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Finding balance while running a family owned business
I’ve always been interested in the topic of work-life balance, but the subject really started to matter to me in early 2015.
I had just started transitioning into leadership of our business, working with my father to ensure a successful handoff from one generation to the next. At the same time, my wife and I were celebrating the birth of our third child and discovering that after baby No. 3 it was much more challenging to manage the day-to-day operations of a family-owned business and trying to help out at home. Sleepless nights were common while the stress of work and home started to elevate. Suddenly, it was hard to be “on” all the time. To make things even more challenging, that fall I contracted Lyme disease, and I often felt worn out, fatigued and sore, and was dealing with brain fog and headaches on a daily basis.
Other business leaders may have similar experiences. Making room for family, careers, physical health, hobbies and faith is a daily test. For this reason I want to share what I’ve learned in my journey toward the healthy integration of work and personal life, in hopes that it can be helpful in creating a more balanced community of leaders.
A healthy business is sustained by measurable and actionable goals. So is work/life balance. For me, committing time and energy to each of these is what makes for success. Here are five different areas of life that I try to integrate for healthy balance:
Personal health: Taking time for myself and doing what I love to do, such as quality time with friends, golf, skiing and reading.
Physical health: Exercising, meditating, doing yoga and keeping a healthy diet.
Family health: Spending time with my wife and our four kids, as well as with my parents, brothers, sisters and their families, while being present in our time together.
Faith health: Spending time with God and putting him first in all I do.
Career health: Leading the company and leading people, setting goals and strategizing, spending time with our customers and managing financials.
Bring family into work
My dad started the business with certain values and a culture I hope to continue: putting family first, being honest, doing what’s fair and, most importantly, giving back to our employees and the community. As a second generation leader and a millennial, I hope to continue that culture and build off of it with flexible work schedules, wellness and lifestyle health, and reminding people everything isn’t always about work.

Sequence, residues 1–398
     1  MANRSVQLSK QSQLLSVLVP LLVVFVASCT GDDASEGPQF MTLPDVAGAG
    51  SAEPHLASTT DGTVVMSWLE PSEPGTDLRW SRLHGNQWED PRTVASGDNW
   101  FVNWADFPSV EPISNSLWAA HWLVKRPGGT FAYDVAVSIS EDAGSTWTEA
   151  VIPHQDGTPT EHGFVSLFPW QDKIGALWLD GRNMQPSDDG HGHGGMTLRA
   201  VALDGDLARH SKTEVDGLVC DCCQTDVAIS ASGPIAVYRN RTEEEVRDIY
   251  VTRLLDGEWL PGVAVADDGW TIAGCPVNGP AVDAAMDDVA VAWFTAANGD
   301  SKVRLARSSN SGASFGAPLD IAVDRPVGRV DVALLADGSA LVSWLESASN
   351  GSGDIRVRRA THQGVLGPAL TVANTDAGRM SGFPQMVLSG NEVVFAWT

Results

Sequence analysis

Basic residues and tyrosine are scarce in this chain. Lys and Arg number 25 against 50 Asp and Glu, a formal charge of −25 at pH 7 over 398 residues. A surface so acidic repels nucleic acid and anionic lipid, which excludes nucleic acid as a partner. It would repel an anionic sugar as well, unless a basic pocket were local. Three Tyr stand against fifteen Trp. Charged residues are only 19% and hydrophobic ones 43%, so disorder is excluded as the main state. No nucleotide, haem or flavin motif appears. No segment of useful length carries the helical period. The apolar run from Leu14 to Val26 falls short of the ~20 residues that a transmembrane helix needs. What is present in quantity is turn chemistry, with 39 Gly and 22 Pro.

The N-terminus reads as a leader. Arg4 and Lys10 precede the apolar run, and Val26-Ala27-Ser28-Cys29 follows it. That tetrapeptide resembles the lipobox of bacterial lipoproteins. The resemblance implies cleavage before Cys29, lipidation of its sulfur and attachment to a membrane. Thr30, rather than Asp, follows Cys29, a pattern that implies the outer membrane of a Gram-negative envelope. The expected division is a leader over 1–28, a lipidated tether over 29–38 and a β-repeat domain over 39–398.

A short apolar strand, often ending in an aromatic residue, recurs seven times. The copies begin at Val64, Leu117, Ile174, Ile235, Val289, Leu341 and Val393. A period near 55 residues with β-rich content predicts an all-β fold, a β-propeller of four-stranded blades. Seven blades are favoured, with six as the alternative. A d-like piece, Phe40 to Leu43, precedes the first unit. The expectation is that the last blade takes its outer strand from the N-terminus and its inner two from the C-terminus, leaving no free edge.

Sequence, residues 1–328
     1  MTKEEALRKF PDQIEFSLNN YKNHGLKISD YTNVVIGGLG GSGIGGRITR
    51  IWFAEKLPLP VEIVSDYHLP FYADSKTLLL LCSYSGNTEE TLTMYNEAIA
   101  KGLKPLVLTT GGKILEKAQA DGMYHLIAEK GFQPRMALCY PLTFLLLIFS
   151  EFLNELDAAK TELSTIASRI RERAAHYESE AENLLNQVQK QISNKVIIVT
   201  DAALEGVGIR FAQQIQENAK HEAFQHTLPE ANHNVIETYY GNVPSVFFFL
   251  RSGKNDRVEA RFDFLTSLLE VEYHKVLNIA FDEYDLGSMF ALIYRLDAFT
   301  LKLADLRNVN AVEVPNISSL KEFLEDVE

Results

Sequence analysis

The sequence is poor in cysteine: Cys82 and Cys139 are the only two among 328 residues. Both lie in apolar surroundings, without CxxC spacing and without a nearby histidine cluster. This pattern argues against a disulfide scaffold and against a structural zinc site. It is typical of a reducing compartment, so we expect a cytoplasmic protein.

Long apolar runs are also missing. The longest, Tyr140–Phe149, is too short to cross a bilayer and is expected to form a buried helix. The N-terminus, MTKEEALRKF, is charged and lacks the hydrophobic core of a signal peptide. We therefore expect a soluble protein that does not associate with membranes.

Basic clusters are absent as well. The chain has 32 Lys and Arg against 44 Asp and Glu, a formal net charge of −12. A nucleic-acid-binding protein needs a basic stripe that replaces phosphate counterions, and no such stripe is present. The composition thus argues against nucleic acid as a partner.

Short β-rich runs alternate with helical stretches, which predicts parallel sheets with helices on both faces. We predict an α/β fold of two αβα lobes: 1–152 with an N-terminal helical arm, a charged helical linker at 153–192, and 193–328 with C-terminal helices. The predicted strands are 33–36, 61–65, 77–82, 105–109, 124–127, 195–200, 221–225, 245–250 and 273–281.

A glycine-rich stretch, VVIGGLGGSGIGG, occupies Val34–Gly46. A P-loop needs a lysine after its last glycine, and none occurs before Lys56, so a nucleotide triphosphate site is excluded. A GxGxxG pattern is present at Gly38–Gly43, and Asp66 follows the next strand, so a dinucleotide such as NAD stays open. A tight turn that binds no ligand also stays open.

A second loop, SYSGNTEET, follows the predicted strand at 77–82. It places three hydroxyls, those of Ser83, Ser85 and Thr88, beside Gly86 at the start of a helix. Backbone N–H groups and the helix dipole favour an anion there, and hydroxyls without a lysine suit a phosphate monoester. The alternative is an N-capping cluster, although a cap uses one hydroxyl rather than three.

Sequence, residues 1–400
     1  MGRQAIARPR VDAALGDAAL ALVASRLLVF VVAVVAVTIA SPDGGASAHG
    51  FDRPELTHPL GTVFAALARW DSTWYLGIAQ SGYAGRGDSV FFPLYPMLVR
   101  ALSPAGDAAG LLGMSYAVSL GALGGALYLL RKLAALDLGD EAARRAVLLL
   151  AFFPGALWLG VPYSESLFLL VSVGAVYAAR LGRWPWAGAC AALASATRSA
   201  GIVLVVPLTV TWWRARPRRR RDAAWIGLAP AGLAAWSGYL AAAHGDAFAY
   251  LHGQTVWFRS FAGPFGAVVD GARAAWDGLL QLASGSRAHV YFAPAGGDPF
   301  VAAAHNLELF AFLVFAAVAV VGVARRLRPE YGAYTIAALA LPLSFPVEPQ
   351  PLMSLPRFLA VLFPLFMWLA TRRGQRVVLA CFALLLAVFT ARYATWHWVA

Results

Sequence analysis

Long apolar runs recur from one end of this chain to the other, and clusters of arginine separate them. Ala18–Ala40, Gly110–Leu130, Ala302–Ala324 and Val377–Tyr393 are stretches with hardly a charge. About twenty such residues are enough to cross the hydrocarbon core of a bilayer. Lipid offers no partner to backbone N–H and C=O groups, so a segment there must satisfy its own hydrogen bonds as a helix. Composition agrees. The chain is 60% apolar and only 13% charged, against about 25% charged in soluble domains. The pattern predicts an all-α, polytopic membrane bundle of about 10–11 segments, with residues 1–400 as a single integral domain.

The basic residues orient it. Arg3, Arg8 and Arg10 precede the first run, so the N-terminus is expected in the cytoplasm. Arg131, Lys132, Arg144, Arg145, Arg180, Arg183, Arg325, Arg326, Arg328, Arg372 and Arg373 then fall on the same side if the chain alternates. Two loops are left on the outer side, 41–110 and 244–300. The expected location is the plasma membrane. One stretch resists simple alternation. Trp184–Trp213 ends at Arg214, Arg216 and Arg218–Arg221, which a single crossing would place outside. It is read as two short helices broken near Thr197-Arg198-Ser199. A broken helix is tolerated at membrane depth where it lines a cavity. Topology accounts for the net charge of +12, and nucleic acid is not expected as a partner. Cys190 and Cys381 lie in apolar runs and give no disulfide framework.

Transparency and openness also are important to me in the workplace. I try to relate to every person and every role in our company, while also remaining open about my personal life, health and my family. I’m open to discussing my struggles with balancing stress and dealing with Lyme disease, both because I love helping people and because it encourages others to bring their whole selves to work as well. When we have whole, healthy people coming into the office every day, we do better work and our collective empathy increases.
And try to keep work out of family
Family businesses are unique in that it is very hard to “get away” from it — family functions offer prime occasions to get into business matters. For this reason it’s all the more important to limit work conversations outside of the office and focus on being present and enjoying family. This also means ending phone calls before I enter the house, or waiting until later in the evening to write the email I need to get out. Work/life balance doesn’t mean work and life are always separate, but it does mean that in every moment we have to choose what we devote ourselves to wholeheartedly.
Today, the circumstances aren’t much different from those busy times two years ago. We’ve welcomed one more child into our family, I’m responsible for operating our family business and I continue to fight Lyme disease. But by being committed to my goals and setting work/life balance objectives, proper balance doesn’t seem so far off.